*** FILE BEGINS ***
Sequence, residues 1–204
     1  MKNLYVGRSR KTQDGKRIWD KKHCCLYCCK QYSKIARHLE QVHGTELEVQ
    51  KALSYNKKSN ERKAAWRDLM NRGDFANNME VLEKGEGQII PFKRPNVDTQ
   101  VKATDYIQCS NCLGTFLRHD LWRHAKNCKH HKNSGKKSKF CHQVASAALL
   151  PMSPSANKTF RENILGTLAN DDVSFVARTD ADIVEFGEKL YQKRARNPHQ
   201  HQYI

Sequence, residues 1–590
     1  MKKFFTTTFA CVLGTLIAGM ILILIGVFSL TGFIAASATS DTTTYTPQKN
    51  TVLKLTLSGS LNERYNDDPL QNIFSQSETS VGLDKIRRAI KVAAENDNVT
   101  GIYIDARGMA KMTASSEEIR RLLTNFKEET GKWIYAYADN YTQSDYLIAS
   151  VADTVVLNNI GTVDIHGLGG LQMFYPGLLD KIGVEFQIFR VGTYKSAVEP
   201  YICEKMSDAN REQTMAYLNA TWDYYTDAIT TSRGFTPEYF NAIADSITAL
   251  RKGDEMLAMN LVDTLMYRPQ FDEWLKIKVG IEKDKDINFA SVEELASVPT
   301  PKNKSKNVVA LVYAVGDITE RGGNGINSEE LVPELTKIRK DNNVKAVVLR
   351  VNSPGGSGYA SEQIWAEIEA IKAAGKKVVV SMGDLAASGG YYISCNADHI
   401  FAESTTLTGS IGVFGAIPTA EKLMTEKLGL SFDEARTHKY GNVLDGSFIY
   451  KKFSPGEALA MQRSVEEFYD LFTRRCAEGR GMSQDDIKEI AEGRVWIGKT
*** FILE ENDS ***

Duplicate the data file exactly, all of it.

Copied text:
Sequence, residues 1–204
     1  MKNLYVGRSR KTQDGKRIWD KKHCCLYCCK QYSKIARHLE QVHGTELEVQ
    51  KALSYNKKSN ERKAAWRDLM NRGDFANNME VLEKGEGQII PFKRPNVDTQ
   101  VKATDYIQCS NCLGTFLRHD LWRHAKNCKH HKNSGKKSKF CHQVASAALL
   151  PMSPSANKTF RENILGTLAN DDVSFVARTD ADIVEFGEKL YQKRARNPHQ
   201  HQYI

Sequence, residues 1–590
     1  MKKFFTTTFA CVLGTLIAGM ILILIGVFSL TGFIAASATS DTTTYTPQKN
    51  TVLKLTLSGS LNERYNDDPL QNIFSQSETS VGLDKIRRAI KVAAENDNVT
   101  GIYIDARGMA KMTASSEEIR RLLTNFKEET GKWIYAYADN YTQSDYLIAS
   151  VADTVVLNNI GTVDIHGLGG LQMFYPGLLD KIGVEFQIFR VGTYKSAVEP
   201  YICEKMSDAN REQTMAYLNA TWDYYTDAIT TSRGFTPEYF NAIADSITAL
   251  RKGDEMLAMN LVDTLMYRPQ FDEWLKIKVG IEKDKDINFA SVEELASVPT
   301  PKNKSKNVVA LVYAVGDITE RGGNGINSEE LVPELTKIRK DNNVKAVVLR
   351  VNSPGGSGYA SEQIWAEIEA IKAAGKKVVV SMGDLAASGG YYISCNADHI
   401  FAESTTLTGS IGVFGAIPTA EKLMTEKLGL SFDEARTHKY GNVLDGSFIY
   451  KKFSPGEALA MQRSVEEFYD LFTRRCAEGR GMSQDDIKEI AEGRVWIGKT